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With its incredible strength-to-weight ratio, polyurethane is an increasingly important material across diverse trade sectors. Answering three of the commonly asked questions about Polyurethane can further illustrate its value.

Summing up the capabilities and possibilities of polyurethane is not an easy task. Not least as the many applications of this highly durable and versatile substance are expanding all the time.

If you are deciding whether PU is the best option for creating a part or component, understanding its construction can be helpful. As can gaining insights into its tried and trusted uses to date. Exploring how many niche products are moulded from a PU mix can help to ‘cement’ decisions about whether to include it in your R&D projects.

You no doubt have a basic idea of how it is made. However, here are the answers to three commonly asked questions about polyurethane.

Is polyurethane a plastic?

The answer to this question is yes, but with a caveat. It is considered to be a unique form of plastic material, due to its composition and an incredible range of capabilities. Therefore, while some refer to it as plastic, others treat it as a separate entity.

Plastic is generally a term applied to many types of synthetic or semi-synthetic organic compounds – often containing carbon and hydrogen molecules such as PVC, nylon and polyethene. Plastics can be moulded into a solid form.

While sharing similar traits, thermoset polyurethanes have a distinctive chemical structure. A structure that means PU can become far more stable and rigid than other forms of hard plastic. Hence polyurethane is used for components that would break or crack under pressure or excessive friction if traditional plastics were used instead.

Also, there are PU applications that are often mistaken for rubber! That’s because it can be mixed and formed into an incredibly diverse range of structures, from a liquid or soft foam to a highly elasticated material.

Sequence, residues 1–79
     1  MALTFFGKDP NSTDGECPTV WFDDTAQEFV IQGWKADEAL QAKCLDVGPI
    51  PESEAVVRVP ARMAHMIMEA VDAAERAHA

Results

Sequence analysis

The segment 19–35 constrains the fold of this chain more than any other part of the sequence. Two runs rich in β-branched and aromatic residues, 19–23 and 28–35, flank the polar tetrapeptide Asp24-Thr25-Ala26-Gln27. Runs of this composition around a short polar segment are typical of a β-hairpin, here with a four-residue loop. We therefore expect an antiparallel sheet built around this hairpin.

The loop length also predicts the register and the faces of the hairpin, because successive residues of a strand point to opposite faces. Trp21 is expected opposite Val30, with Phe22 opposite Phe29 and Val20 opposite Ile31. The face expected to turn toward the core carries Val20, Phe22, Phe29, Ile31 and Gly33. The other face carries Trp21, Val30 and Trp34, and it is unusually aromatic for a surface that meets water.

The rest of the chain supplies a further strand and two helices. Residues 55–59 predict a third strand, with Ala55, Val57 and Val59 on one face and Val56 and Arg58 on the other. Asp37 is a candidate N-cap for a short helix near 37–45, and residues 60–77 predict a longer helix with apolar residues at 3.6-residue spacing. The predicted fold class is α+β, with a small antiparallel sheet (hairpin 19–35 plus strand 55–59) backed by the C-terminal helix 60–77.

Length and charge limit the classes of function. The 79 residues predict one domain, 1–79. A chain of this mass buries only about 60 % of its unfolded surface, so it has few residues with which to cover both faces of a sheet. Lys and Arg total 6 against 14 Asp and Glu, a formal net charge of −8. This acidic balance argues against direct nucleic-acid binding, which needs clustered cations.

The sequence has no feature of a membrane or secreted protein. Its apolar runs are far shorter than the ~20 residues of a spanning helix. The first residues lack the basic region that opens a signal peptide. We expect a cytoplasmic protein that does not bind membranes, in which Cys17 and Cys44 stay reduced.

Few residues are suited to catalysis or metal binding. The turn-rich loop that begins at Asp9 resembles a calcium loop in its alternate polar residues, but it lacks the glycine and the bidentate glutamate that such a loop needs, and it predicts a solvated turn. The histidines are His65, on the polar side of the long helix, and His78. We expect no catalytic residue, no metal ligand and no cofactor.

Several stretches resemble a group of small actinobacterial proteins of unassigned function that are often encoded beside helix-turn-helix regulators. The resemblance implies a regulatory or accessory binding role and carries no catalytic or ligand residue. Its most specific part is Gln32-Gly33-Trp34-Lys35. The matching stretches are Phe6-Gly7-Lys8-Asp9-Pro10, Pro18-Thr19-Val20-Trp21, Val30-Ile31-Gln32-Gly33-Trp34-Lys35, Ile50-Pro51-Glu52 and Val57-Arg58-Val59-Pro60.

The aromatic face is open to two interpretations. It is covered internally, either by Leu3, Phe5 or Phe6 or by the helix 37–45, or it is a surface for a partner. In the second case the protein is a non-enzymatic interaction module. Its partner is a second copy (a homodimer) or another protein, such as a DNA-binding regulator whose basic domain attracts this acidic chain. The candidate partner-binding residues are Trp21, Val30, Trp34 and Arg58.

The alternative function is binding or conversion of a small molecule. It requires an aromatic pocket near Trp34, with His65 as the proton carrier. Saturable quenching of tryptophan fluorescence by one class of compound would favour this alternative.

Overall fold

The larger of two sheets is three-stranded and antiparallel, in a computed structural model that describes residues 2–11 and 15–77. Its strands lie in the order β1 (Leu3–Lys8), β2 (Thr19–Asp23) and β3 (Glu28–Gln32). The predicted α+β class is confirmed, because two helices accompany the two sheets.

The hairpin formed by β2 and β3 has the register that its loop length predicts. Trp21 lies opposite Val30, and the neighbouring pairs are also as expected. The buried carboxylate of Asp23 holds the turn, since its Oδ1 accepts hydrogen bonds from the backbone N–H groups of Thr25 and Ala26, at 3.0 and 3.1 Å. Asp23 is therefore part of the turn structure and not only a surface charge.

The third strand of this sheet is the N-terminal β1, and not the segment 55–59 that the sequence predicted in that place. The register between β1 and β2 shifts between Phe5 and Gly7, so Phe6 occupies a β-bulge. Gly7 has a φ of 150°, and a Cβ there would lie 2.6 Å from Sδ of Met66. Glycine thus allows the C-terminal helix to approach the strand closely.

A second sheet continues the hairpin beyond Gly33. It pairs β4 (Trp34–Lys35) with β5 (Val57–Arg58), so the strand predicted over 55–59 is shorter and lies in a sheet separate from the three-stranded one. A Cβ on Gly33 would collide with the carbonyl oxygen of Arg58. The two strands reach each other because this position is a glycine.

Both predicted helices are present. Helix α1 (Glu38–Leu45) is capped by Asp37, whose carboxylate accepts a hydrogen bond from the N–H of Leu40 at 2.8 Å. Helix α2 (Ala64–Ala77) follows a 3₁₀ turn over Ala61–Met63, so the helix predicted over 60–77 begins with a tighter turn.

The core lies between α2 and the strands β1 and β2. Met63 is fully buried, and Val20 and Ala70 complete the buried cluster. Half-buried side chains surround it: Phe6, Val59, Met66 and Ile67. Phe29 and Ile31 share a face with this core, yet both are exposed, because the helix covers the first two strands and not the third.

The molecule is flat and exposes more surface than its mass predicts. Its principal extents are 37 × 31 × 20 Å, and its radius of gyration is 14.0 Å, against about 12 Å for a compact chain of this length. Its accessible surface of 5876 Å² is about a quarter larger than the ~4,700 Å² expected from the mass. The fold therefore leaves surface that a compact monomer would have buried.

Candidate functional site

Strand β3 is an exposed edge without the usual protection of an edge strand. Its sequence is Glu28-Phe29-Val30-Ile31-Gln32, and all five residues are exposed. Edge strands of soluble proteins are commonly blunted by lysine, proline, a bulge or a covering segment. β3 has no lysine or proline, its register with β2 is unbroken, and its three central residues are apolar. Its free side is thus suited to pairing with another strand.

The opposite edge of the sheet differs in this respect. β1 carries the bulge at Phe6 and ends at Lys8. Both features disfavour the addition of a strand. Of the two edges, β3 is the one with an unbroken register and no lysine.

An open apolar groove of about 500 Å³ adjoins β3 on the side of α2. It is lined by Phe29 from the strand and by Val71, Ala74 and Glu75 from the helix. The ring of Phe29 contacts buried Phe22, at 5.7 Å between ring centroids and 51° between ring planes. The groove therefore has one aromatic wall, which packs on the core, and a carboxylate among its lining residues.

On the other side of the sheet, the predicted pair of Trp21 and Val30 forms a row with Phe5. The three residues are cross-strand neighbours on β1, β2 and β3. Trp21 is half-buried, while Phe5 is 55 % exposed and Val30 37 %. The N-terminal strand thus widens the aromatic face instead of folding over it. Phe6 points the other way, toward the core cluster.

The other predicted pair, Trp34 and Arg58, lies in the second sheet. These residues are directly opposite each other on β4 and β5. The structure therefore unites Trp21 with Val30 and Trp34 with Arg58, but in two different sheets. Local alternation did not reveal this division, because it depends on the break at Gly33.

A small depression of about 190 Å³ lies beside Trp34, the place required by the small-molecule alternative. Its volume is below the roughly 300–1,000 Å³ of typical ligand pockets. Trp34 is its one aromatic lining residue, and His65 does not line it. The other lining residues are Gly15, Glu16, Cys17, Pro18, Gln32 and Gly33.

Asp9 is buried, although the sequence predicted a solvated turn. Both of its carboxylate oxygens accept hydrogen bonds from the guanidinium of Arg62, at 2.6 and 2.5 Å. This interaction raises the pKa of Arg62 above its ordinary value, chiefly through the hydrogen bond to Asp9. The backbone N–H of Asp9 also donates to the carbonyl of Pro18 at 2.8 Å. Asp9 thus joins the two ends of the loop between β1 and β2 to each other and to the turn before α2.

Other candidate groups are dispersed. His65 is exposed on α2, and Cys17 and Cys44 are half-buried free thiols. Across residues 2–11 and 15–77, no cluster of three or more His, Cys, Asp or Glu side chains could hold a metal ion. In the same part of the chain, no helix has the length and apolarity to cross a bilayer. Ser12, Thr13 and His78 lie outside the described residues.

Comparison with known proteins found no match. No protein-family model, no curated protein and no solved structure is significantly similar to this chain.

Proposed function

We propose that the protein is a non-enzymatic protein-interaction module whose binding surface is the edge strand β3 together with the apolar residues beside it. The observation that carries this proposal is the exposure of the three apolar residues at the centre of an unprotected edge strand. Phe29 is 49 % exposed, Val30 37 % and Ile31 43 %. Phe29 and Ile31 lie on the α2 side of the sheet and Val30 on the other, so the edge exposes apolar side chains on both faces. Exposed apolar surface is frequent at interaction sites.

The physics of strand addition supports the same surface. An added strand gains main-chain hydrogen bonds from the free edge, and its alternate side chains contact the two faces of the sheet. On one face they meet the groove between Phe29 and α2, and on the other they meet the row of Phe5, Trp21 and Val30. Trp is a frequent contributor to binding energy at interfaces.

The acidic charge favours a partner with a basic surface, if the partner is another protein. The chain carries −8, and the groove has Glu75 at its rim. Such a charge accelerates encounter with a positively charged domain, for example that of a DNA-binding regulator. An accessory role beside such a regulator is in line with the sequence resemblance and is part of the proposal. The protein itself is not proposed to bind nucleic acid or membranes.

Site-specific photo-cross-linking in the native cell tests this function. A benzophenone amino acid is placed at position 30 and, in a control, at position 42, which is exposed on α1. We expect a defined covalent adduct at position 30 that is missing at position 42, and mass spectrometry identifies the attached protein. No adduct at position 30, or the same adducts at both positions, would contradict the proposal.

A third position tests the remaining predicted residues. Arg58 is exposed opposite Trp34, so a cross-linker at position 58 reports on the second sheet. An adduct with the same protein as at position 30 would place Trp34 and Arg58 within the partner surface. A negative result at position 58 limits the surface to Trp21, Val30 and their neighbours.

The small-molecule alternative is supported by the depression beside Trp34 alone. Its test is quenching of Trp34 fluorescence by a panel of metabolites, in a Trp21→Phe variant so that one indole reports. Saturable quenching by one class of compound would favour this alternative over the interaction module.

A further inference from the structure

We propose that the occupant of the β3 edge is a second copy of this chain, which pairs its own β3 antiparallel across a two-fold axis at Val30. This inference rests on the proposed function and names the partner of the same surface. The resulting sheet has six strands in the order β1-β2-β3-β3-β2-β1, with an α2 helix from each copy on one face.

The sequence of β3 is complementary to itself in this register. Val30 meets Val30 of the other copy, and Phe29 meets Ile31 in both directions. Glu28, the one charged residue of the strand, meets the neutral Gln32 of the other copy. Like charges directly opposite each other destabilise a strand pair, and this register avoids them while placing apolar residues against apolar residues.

Is Polyurethane a sealant?

It is typical for specifiers to see polyurethane as fitting into only‘one groove’. For example, they are aware of its potential as a hard, dense and highly durable material for wheels, rollers and stops. Or, it is their go-to solution for any foam requirements they have.

Many people are unaware of how multi-talented polyurethane is, which means its use as a sealant is sometimes overlooked. This is, in fact, one of the ways polyurethane comes into its own. As a sealant, it is both successful and durable.

Polyurethane has an elastomeric memory, which means it can spring back to its original shape even when considerable force is used to stretch, bend or deform it. The result is a sealant that creates an airtight stopper even in situations where movement and pressure are applied.

There are forms of polyurethane that are solidifying liquids too, creating the perfect adhesive, coating or binding agent, becoming incredibly hard when set. Making it a great substance to apply when you need your fixing agent to create an impervious seal.

Polyurethane is also highly resistant to heat and moisture, as well as energy. So, as a sealant, it can create an impenetrable barrier against everything from electric shocks to slow-growing fungi!

Is polyurethane recyclable?

This links to another often asked question, is polyurethane an environmentally sound alternative to plastic and rubber? To which the answer is yes, on many levels. Not least as its stability means it won’t leak toxic chemicals or fumes, and its longevity means it won’t need to be replaced for a long time.

Polyurethane can also be both repurposed and recycled.

Mechanical recycling of polyurethane can be used to grind and powder it. This substance can then be mixed with fresh ingredients to create new foam or reaction injection moulded (RIM) parts.

Polyurethane mechanical recycling can also involve granulating to create adhesives or binding agents, or PU foam can be shredded to bind as rebound underlay for example.

There are ways to chemically recycle polyurethane too, breaking it down into gas and oil, including formulating polyols for fuel.

What you need to know about polyurethane

With a broader understanding of what is polyurethane and what is PU capable of, the next question is usually ‘can it be moulded to the shape I need?’.

That’s a query that needs to be discussed with the team at Custom Moulded Polyurethane, a company with a long track record for making PU the right solution to a myriad of different industrial specs.